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In an ideal world, I know "two wrongs do not make a right" but in the real world (or at least mine) I have often found that although they may not make a right, they often stop further "wrongs".

However, that does not stop smug third parties sometimes commenting "two wrongs don't make a right" - what would be a an appropriate proverbial response?

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11 Answers 11

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To provide the reference for Peter Shor's comment, now removed:

fight fire with fire

to fight against an opponent by using the same methods or weapons that the opponent uses

[Merriam Webster Dictionary]

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    Burn them! Burn them all! – hobbs Sep 10 '20 at 18:31
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Two wrongs don't make right, but three lefts do.

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    And two Wrights make an airplane. – fectin Sep 10 '20 at 17:09
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    So, six lefts make an airplane. Good to know. Look out, Boeing, here I come. – Dave Sep 10 '20 at 21:21
  • Don't know this would actually be a good comeback in a rhetorical sense, but as for diffusing the argument and getting laughs... Well, it definitely earned a chuckle from me! – DoublyNegative Sep 11 '20 at 15:24
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evil prospers when good men do nothing

This saying appears in various forms. Here's one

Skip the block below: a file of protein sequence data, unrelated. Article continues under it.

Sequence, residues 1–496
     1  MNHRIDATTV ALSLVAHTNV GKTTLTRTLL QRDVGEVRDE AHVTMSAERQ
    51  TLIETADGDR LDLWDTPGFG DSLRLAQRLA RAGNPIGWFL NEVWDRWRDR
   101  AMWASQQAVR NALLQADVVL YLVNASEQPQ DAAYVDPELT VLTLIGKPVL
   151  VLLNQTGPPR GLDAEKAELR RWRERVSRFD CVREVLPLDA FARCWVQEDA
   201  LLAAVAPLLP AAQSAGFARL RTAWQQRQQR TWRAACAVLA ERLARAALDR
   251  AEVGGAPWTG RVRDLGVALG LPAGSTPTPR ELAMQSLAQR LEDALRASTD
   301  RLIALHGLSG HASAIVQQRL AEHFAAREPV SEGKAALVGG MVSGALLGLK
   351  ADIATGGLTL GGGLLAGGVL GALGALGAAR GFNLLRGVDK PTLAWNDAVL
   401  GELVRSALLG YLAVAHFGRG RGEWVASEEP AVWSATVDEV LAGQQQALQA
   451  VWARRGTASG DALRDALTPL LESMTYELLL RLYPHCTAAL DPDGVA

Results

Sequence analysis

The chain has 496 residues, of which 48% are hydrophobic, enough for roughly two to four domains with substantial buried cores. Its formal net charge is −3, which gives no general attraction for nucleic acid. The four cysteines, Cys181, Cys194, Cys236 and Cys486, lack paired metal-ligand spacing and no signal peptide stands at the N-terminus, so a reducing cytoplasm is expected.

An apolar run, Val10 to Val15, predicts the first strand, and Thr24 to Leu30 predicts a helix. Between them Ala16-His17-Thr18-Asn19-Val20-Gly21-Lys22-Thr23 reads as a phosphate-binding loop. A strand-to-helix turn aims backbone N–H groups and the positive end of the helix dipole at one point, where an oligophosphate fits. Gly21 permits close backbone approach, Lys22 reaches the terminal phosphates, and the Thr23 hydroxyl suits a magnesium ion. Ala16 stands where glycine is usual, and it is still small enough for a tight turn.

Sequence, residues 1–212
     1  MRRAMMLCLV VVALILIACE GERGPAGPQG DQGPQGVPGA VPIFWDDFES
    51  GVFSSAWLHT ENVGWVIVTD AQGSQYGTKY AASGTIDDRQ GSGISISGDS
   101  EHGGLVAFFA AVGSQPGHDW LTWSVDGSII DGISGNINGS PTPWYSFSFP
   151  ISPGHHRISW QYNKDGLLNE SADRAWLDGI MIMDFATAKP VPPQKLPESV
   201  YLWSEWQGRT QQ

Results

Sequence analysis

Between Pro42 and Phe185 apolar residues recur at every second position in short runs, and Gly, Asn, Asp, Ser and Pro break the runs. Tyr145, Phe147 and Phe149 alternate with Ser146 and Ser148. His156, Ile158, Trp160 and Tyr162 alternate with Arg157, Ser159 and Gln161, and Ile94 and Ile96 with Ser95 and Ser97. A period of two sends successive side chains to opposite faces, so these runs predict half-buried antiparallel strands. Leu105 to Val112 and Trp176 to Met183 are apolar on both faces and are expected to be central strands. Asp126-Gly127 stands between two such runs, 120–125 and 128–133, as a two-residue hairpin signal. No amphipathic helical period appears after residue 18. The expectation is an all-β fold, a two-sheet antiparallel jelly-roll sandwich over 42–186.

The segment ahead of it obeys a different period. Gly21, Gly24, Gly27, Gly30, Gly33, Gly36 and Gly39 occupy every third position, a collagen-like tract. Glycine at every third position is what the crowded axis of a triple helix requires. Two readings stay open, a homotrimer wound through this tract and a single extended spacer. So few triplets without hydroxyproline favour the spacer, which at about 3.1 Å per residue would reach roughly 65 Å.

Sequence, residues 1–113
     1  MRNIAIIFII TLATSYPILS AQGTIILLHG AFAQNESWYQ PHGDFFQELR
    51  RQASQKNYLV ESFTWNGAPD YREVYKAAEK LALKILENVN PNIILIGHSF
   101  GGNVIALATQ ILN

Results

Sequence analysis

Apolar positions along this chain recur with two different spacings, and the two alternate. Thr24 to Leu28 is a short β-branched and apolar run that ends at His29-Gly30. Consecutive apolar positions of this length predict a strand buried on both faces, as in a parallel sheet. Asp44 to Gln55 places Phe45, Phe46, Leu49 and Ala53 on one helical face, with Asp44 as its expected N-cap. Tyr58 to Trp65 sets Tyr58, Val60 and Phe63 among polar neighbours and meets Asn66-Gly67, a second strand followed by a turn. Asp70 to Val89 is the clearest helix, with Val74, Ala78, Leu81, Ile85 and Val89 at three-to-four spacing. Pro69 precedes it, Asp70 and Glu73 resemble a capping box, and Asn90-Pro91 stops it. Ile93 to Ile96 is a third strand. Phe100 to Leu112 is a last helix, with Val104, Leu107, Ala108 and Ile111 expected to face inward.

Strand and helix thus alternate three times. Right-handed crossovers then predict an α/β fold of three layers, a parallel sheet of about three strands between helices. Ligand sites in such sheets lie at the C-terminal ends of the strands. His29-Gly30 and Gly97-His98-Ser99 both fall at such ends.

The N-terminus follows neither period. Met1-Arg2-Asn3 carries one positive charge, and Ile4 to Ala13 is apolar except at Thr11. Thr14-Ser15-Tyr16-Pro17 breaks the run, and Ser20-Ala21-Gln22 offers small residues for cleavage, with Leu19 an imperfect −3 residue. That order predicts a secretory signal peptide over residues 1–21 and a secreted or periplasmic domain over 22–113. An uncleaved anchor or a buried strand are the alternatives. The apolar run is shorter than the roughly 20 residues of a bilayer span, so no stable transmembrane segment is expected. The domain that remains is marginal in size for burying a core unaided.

Edmund Burke, one of the foremost political speakers of 18th century England, said: "All that is necessary for the triumph of evil is that good men do nothing."

https://www.crossrhythms.co.uk/articles/life/Evil_Prospers_When_Good_Men_Do_Nothing/37074/p1/

To be politically correct I suppose some would change it to, "evil prospers when good people do nothing"

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    It's a fine maxim, but doesn't imply that the something done is in itself wrong. – Edwin Ashworth Sep 10 '20 at 21:52
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I was going to say “the ends justify the means” and link to Wiktionary. That article links to “all’s fair in love and war”, which I like much better as a retort to “two wrongs...”

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Leviticus 24:19–21 has:

“eye for an eye; tooth for a tooth”

which may be ‘appropriate’ to the poster’s purpose in some circumstances, although civilized societies are supposed to have outgrown this attitude.

(Not strictly a proverb, but biblical quotations have that kind of status. )

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    Do be careful, because this one has an immediate retort of "eye for an eye leaves the whole world blind" or something similar. Since we're already playing this game, this response is fairly likely. – htmlcoderexe Sep 10 '20 at 7:15
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    One obvious riposte being "I'll see your Leviticus and raise you Romans 12:17–21.". – JdeBP Sep 10 '20 at 8:08
  • @JdeBP — I could use that as support for my final remark, but I don’t want to come over as a bible thumper. – David Sep 10 '20 at 8:26
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    Worth noting that "eye for an eye" is a limitation on retaliation -- let the punishment fit the crime. – Andrew Aylett Sep 10 '20 at 11:02
  • @AndrewAylett — Understood. It’s all coming back to me. But today it wouldn’t have that force. – David Sep 10 '20 at 11:14